Clustering Of Symptoms

The characteristic symptoms of schizophrenia that have been described above may be classified in many different ways. Prominent among the attempts that have been proposed up to now are Bleuler's classifications in fundamental and accessory symptoms and in primary versus secondary symptoms, as well as Schneider's division in first- and second-rank symptoms. In recent years, the attention of researchers and clinicians alike has focused on the distinction between positive and negative symptoms.

Bleuler identified two sets of symptoms, one descriptive, the other aetiopathogenetic. The two dichotomies are distinct, although they are defined by partially overlapping features. The first set distinguishes between fundamental and accessory symptoms. Fundamental symptoms are present at all times and in all cases. They include disturbances in association and affect, ambivalence and autism (the four A's). All other symptoms encountered in schizophrenia are accessory symptoms, including hallucinations, delusions, catatonia and behavioural problems. Accessory symptoms may be absent at times and even throughout the whole course and they may appear in other types of illness.

The specificity and inter-rater reliability of Bleuler's fundamental symptoms have been questioned in a number of studies [44].

The second set distinguishes between primary and secondary symptoms. Primary symptoms are direct manifestations of the disorder, while secondary symptoms are viewed as psychological reactions of the personality to the disease process. Primary symptoms consist above all in disturbances of associations, while the bulk of the other symptoms described in schizophrenia are secondary symptoms.

For the diagnosis of schizophrenia, Kurt Schneider ascribed a particular importance to 11 abnormal experiences for which he coined the term ''first-rank symptoms''. Schneider considered that first-rank symptoms were pathognomonic of schizophrenia, provided that they could not be linked in one way or another to an organic cause. other abnormal experiences that could contribute to the diagnosis were termed ''second-rank symptoms''. A diagnosis of schizophrenia could also be made when only symptoms of second rank were present. The presence or absence of first- or second-rank symptoms did not carry any theoretical or prognostic significance.

The 11 first-rank symptoms included: thoughts experienced as spoken-aloud or echoed; thought withdrawal, thought insertion and thought broadcasting; voices heard commenting on the patient's thoughts or actions and voices discussing the person in the third person; feelings, impulses and volitional acts experienced as under the control of some external force or agency; somatic passivity and delusional perception. The presence of just one first-rank symptom was considered sufficient for the diagnosis, provided that its presence could be firmly established.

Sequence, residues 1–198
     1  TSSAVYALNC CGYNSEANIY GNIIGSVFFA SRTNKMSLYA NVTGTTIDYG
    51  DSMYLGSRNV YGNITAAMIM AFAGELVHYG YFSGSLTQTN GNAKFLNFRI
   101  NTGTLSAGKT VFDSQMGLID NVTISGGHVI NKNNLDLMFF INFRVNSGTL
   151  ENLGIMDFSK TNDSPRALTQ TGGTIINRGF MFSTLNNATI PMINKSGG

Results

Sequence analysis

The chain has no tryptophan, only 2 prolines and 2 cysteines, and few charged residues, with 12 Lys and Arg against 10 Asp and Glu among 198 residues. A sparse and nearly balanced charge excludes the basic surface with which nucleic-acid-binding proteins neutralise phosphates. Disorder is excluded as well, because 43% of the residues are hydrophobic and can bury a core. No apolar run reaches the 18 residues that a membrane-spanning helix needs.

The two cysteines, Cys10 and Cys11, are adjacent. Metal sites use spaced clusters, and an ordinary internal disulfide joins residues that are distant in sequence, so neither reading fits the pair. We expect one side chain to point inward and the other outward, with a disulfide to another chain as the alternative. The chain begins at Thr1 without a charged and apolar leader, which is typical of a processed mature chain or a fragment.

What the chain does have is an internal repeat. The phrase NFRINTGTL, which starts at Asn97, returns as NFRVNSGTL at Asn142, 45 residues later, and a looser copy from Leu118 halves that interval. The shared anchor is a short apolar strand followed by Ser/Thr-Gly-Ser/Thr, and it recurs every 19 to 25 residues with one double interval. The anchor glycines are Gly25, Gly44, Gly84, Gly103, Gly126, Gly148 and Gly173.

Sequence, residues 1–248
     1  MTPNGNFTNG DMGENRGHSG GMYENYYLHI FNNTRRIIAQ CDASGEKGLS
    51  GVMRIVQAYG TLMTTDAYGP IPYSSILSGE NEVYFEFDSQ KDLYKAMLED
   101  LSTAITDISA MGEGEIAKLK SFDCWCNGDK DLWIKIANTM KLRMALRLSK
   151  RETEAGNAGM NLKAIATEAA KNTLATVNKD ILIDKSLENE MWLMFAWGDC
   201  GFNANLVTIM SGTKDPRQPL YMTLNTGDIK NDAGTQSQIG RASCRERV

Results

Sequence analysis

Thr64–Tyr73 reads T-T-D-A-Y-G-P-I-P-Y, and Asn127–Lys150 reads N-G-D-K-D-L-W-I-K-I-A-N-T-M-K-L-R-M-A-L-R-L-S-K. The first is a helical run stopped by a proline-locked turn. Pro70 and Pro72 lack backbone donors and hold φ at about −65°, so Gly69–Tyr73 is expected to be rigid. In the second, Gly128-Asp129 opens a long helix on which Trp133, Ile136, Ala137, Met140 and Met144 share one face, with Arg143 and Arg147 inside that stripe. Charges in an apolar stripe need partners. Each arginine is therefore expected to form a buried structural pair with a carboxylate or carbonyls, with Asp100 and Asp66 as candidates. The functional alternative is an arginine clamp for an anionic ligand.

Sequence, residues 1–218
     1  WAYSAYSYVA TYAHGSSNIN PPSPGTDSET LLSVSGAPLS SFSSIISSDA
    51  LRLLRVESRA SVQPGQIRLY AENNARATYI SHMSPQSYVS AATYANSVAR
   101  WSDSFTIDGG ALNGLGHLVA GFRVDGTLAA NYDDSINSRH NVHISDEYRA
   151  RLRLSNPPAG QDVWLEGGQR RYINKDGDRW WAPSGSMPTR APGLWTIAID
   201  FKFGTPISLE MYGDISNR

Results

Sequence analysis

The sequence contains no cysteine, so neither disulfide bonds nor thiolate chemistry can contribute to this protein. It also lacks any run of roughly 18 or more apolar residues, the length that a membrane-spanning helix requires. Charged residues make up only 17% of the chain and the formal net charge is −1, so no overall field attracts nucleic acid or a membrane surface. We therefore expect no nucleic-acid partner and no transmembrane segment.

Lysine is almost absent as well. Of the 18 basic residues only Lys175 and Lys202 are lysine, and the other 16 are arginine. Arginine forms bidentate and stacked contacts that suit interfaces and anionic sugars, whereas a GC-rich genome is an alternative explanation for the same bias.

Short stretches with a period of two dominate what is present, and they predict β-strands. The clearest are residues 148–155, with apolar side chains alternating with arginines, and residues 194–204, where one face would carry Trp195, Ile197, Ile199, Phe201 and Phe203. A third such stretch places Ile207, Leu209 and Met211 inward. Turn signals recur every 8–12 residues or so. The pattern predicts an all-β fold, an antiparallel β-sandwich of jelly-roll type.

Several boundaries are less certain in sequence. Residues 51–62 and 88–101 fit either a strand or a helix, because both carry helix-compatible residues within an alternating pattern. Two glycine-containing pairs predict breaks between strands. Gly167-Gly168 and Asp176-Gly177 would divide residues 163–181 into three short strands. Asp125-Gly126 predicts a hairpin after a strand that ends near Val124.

The prevalence of first-rank symptoms has been investigated in a number of studies. The frequency of any first-rank symptom in patients with schizophrenia varied from one study to another, ranging from 28% to 72% [45- 47]. According to the results of the International Pilot Study of Schizophrenia [20], the prevalence of first-rank symptoms varied from one participant centre to another, from a low 31% in Moscow to a high 79% in Taipei.

The specificity of first-rank symptoms has been investigated by Abrams and Taylor [48], Carpenter et al [49], Taylor and Abrams [50], and Koehler et al [51]. According to the results of these studies, first-rank symptoms are not pathognomonic of schizophrenia, but may occur during a depressive or manic episode in a substantial number of patients.

Interest in the positive-negative distinction [52] led to the development of a variety of instruments designed to assess positive and/or negative symptoms. Prominent among these instruments are the Scale for the Assessment of Negative Symptoms (SANS) [53,54] and the Scale for the Assessment of Positive Symptoms (SAPS) [55]. The SANS includes items that describe different aspects of affective flattening, avolition-apathy, anhedonia-asociality and attentional impairment. The SAPS includes items that describe hallucinations, delusions, bizarre behaviour and formal thought disorder. The first factor analysis on the two scales showed that the correlations between the negative symptoms were quite high, as was the internal consistency of the SANS. The correlations between the positive symptoms were weaker, as was the internal consistency of the SAPS. Subsequent analyses of 15 studies of the SANS and the SAPS led to the conclusion that the symptoms fall into three natural dimensions [43]. While negative symptoms remain more or less the same, positive symptoms subdivide into a first dimension that reflects psychoticism (hallucinations and delusions) and a second dimension that includes disorganized/bizarre behaviour, positive formal thought disorder and disorganized speech, and inappropriate affect.

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